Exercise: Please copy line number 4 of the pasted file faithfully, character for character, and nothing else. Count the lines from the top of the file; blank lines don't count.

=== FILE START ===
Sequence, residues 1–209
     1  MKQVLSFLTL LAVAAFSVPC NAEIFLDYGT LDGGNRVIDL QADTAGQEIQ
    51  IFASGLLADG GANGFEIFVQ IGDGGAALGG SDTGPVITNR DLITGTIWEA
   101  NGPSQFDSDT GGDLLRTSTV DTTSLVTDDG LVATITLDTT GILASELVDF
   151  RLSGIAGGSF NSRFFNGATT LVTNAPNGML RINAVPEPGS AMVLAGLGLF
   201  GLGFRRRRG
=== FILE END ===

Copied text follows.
   101  NGPSQFDSDT GGDLLRTSTV DTTSLVTDDG LVATITLDTT GILASELVDF